By KLTV Newsdesk –
The Huddersfield Local History Society and the University of Huddersfield are set to present the ninth annual Luddite Memorial Lecture, which will delve into forgotten aspects of radicalism in the Huddersfield district and beyond.
The lecture, which will be delivered by Professor Nick Mansfield from the University of Central Lancashire, will focus on the forgotten history of radicalism displayed by ex-servicemen and serving soldiers in the nineteenth century.
According to Cyril Pearce, the Chair of the Huddersfield Local History Society, Professor Mansfield’s lecture is very much in line with the spirit of the annual public lecture’s now well-established tradition.
The lecture aims to shed light on the deeply ambivalent attitudes of British popular opinion towards the army, especially the peace-time army, which have been fearful and hostile.
The lecture will also explore how popular radicalism has often resulted in lethal confrontations such as Peterloo, Featherstone, Tonypandy, and many others.
Professor Mansfield, who spent many years working in museums before moving to the University of Central Lancashire, published a labour history of nineteenth-century rank-and-file soldiers in two volumes (2016 and 2019 respectively).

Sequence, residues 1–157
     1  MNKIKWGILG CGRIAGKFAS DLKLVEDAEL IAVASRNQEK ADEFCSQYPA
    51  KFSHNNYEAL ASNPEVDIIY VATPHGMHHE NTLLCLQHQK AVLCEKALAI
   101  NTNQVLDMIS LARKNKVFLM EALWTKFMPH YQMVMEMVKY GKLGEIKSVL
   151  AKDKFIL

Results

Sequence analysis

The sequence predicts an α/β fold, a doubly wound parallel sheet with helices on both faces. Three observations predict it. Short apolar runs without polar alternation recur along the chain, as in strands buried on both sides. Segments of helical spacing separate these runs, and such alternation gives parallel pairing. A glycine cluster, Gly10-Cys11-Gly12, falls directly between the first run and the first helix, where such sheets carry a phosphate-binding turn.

His interest in the subject began over 50 years ago, as he was struck with how many radical leaders of the period had ex-service backgrounds, such as Wilkes, Paine, Cobbett, Cartwright, Cochrane, Hunt, and Bamford.
The University’s Deputy Vice-Chancellor, Professor Tim Thornton, who is also a historian, will introduce the lecture.
He says the University of Huddersfield is delighted to be supporting the Annual Luddite Memorial Lecture, as part of its successful partnership with the Huddersfield Local History Society.
As in previous years, a distinguished speaker, Professor Nick Mansfield, will deliver an important perspective on the Luddites and their period by examining the role of soldiers and ex-servicemen in popular politics.
The lecture is set to take place Monday 24 April, at 7:30 pm, in the Oastler building at the University of Huddersfield. If anyone wants to find out more about this largely forgotten part of radical history, they are invited to attend Professor Mansfield’s lecture.